Quote 1208 details Share on Google+ - Quote 1208 Linked In Share Button - Quote 1208 Is it not certain that government would be weak and irregular, and that the people would be poor and contemptible? And still it must be allowed, that each town would entirely surrender its boasted independence if they should unite in State government, and would retain only about one-eightieth part of the administration of their own affairs.

Roger Sherman: The Countryman - Nov 14, 1787
Quoted Document: The Countryman

Quote 1363 details Share on Google+ - Quote 1363 Linked In Share Button - Quote 1363 The government is, or ought to be insituted for the common benefit, protection, and security of the people, nation or community ... and that when any government shall be found inadequate or contrary to these purposes, a majority of the community hath an indubitable, unalienable, and indefeasible right to reform, alter or abolish it, in such manner as shall be judged conducive to the publick weal.

George Mason: First draft, Virginia Declaration of Rights, June 12, 1776
The Quotable Founding Fathers

Quote 1218 details Share on Google+ - Quote 1218 Linked In Share Button - Quote 1218 It appears to me the senate is the most important branch in the government, for aiding and supporting the executive, securing the rights of the individual states, the government of the United States, and the liberties of the people. The executive magistrate is to execute the laws. The senate, being a branch of the legislature, will naturally incline to have them duly executed, and, therefore, will advise to such appointments as will best attain that end.

Roger Sherman: letter to John Adams, July 1789

Quote 1219 details Share on Google+ - Quote 1219 Linked In Share Button - Quote 1219 If the president alone was vested with the power of appointing all officers, and was left to select a council for himself, he would be liable to be deceived by flatterers and pretenders to patriotism, who would have no motive but their own emolument. They would wish to extend the powers of the executive to increase their own importance; and, however upright he might be in his intentions, there would be great danger of his being misled, even to the subversion of the constitution, or, at least, to introduce such evils as to interrupt the harmony of the government, and deprive him of the confidence of the people.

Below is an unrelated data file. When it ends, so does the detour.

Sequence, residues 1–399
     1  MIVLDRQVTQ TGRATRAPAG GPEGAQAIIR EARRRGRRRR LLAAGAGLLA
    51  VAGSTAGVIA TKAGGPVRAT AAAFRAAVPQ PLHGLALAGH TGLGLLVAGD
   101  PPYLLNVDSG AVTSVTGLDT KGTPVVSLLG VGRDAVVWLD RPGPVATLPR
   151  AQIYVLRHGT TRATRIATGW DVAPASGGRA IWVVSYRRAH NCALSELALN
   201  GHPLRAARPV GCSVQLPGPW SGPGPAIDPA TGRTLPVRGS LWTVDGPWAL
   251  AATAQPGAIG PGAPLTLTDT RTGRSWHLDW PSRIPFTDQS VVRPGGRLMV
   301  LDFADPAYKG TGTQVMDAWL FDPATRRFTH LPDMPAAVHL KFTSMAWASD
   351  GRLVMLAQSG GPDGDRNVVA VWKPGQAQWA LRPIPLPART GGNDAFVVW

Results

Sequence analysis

Roger Sherman: letter to John Adams, July 1789

Quote 1246 details Share on Google+ - Quote 1246 Linked In Share Button - Quote 1246 We will look for the permanency and stability of our new government to Him who bringeth princes to nothing and teacheth senators wisdom.

John Hart: address from John Hart, October 5, 1776

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Public officials may have to live in a splendor unsuited to new republics groaning under financial burdens; private individuals fleeing from the tyranny of old governments are in a different position, however.

James Smith: letter to the American Commissioners, Aug 24, 1778.
Web Source: http://founders.archives.gov/documents/Franklin/01-27-02-0269